By Tuesday evening, many of you will have long since mailed in your ballots. Or maybe you dropped them off. Some of you might have even voted in person, the old-fashioned way.
Now it’s time to find out who won.
You will, but it might not happen on election night, depending on what city you live in and what race you are following. You’ll get preliminary results, for sure, but some contests in Utah will be hard to call.
For days, maybe weeks.
As a state, we’ll get there. All we need is a little patience.
The 2021 municipal election is not just a vote-by-mail affair — in which valid ballots can trickle in after Election Day — it is also an experiment in ranked-choice voting for 23 local governments, including Salt Lake City.
This has led to more candidates in some contests, and that means tabulating the vote will be different. Here’s a look at what you can expect on election night and how to vote if you haven’t done so already.
How does ranked-choice voting work?
First, here are the municipalities that have ranked-choice voting:
• In Salt Lake County — Salt Lake City, Sandy, Cottonwood Heights, Bluffdale, Draper, Riverton, Midvale, Millcreek, South Salt Lake and Magna Metro Township.
• In Utah County — Lehi, Payson, Springville, Vineyard, Woodland Hills, Elk Ridge, Goshen and Genola.
• In Cache County — Newton, Nibley and River Heights.
• And elsewhere, Heber City and Moab.
If you are in those cities, you can vote for just your favorite candidate as always. You also can list your second choice and third choice and so on for as many candidates as there are in each race.
You can’t pick a first choice, skip a second choice and then list a third choice, though. That won’t get counted. But you could pick a first and second choice and stop there if you want.
When the votes make it to the clerk’s office, all of the first-place selections will be tallied. The candidate who comes in last will get eliminated, and those ballots will be scanned for second choices and reassigned. This process will continue until someone claims more than 50% of the vote.
All of this math is done by computers, and, as computers constantly remind us, they do it quickly.
What will get reported on election night?
Salt Lake County Clerk Sherrie Swensen plans to release the bulk of the election results shortly after the polls close at 8 p.m. This release will include all mail-in ballots previously counted.
Then, a few hours later, Swensen’s team will update those results with tallies from early votes and in-person voting on Election Day. This will be most, but not all of the ballots. It won’t count mail-in ballots dropped off on Election Day or those postmarked on or before Nov. 1, the day before the election, that for whatever reason take a few days to arrive. Cities have until Nov. 16 to certify the results.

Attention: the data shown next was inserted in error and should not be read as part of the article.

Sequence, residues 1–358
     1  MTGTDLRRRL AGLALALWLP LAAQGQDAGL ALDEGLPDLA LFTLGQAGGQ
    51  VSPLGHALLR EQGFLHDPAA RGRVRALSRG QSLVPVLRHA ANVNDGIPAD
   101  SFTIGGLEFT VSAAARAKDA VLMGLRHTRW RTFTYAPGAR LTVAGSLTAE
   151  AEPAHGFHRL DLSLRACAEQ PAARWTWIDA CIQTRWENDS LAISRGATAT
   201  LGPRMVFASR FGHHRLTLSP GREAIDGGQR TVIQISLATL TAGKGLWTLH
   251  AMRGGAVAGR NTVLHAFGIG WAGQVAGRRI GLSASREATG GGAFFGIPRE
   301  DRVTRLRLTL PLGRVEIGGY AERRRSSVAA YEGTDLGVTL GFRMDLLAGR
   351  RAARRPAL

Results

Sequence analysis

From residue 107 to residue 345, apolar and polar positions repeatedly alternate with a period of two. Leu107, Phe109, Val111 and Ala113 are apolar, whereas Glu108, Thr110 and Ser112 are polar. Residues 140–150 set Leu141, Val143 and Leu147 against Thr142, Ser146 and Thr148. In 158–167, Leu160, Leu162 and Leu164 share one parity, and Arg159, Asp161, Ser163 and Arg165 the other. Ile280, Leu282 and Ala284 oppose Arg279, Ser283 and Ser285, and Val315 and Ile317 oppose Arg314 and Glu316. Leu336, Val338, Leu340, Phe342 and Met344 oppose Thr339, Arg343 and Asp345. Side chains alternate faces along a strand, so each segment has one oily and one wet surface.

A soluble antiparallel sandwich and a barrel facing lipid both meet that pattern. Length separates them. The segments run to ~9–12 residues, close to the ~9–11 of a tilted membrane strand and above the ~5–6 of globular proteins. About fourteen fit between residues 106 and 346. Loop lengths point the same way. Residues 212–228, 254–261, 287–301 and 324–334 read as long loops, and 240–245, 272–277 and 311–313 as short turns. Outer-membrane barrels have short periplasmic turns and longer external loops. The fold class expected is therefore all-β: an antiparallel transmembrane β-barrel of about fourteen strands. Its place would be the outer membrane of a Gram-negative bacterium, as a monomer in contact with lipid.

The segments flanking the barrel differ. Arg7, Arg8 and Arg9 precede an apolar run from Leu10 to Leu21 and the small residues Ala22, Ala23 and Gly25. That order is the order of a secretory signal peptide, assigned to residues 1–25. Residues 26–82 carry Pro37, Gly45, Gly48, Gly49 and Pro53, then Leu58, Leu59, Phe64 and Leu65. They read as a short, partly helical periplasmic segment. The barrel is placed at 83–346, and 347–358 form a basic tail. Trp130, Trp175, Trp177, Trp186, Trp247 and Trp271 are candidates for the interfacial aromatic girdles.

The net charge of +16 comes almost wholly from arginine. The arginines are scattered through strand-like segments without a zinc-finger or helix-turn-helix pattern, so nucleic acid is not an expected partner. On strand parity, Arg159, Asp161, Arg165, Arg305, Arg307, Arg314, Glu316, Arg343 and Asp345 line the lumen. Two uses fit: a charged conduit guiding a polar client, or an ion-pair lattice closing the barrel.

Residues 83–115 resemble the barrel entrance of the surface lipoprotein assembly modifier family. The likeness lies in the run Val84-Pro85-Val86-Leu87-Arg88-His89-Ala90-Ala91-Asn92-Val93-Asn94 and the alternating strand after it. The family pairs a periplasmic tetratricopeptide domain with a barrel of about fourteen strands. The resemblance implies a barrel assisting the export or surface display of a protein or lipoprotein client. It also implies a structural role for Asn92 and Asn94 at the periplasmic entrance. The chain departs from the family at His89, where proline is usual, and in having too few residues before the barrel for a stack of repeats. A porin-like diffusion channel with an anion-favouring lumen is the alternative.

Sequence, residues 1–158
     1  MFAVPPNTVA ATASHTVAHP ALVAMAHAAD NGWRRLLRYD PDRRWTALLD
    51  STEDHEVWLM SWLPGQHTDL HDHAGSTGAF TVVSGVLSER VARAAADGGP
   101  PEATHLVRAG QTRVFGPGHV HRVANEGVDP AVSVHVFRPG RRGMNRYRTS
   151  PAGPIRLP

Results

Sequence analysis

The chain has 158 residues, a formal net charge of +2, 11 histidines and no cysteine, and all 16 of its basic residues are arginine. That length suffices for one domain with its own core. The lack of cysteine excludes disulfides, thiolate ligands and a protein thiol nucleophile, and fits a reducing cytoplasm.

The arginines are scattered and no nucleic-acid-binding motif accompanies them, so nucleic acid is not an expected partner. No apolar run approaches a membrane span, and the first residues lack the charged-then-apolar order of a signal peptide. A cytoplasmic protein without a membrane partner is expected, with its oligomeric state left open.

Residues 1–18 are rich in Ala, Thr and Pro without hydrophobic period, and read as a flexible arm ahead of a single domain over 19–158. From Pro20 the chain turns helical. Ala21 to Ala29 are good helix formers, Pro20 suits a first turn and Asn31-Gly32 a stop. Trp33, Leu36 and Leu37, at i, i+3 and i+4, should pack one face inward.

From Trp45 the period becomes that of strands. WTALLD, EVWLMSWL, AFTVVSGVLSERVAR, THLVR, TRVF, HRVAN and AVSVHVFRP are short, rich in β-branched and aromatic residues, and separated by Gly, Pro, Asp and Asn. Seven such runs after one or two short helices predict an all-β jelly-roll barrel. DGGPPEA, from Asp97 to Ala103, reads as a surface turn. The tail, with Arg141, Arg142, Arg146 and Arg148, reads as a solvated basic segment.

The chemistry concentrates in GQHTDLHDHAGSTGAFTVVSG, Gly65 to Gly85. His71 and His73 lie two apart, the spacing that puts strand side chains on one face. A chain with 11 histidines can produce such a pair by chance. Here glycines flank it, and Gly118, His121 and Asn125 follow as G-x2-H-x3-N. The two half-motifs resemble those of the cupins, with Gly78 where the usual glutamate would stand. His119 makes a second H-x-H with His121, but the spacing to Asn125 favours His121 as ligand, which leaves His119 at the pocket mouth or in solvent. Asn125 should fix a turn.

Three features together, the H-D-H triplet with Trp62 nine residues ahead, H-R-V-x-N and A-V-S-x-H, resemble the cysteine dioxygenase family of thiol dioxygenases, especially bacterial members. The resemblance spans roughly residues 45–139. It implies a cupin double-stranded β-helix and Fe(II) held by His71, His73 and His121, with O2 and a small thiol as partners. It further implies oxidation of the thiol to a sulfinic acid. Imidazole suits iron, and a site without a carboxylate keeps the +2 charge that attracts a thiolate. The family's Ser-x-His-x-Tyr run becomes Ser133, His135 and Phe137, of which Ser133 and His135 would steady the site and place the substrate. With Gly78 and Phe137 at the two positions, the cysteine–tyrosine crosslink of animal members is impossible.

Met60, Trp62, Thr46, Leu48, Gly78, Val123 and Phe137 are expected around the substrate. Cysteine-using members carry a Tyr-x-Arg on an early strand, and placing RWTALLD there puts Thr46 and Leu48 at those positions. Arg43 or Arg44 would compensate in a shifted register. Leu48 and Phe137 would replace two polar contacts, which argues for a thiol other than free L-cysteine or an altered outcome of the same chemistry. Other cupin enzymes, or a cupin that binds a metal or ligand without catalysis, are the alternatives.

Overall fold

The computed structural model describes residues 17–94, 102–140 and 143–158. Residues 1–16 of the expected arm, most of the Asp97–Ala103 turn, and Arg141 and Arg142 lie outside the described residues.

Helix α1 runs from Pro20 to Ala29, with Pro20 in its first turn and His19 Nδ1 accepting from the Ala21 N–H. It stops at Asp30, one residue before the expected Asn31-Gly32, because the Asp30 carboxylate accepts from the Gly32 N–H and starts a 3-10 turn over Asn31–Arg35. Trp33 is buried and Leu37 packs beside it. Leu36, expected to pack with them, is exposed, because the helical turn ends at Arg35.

“Of course,” Swensen said, “no one can win until all the ballots are processed.”
For cities sticking with a traditional election, like West Valley City, Tuesday night will feel pretty standard. The totals will show who received the most votes at that point. Simple, though a tight race will mean waiting for any outstanding ballots to be tallied.
For ranked-choice voting cities, it is different. Every time the clerk releases more results, whether on election night or in subsequent days, the clerk will reapply the math, starting with the first choices of every voter. You’ll be able to see what happens in each “phase” on the clerk’s website.
So with the 8 p.m. release, the computer will identify candidates who are eliminated and retabulate until one candidate gets more than 50%. This will be rerun later in the evening and again when Swensen’s team releases more results Thursday.
“You might think of it as hitting refresh,” she said.
With each release of ballots, the results will become more firm and, as often happens, some candidates will concede and some will claim a victory.
What if you haven’t voted yet?
You are in good company and you still can.
Swensen said in Salt Lake County, as of Thursday, 15% of people have returned their ballots, which she described as “disappointing.” In the 2019 municipal races, 24% of voters participated.
The easiest way to vote is using the ballot that has been mailed to you. If you get it postmarked on or before Monday, it will count. If not, then you can drop it off to a ballot box Tuesday or bring it to a voting center.
In Salt Lake County, there are 22 voting centers. You can find them at got-vote.org. If you live in another county, you can search the county website or call the county government.
You can also vote in person on Election Day. You will need to bring your ID. In Utah, you can even register to vote on Election Day and then cast a provisional ballot. To do this, you’ll need an ID and proof of residency, like a utility bill or a bank statement.
If you need help deciding whom to vote for, check out the handy Salt Lake County voter guide from The Salt Lake Tribune. You can find it at sltrib.com/decision2021. You can also see additional stories on some of the major races and issues at sltrib.com/news/politics.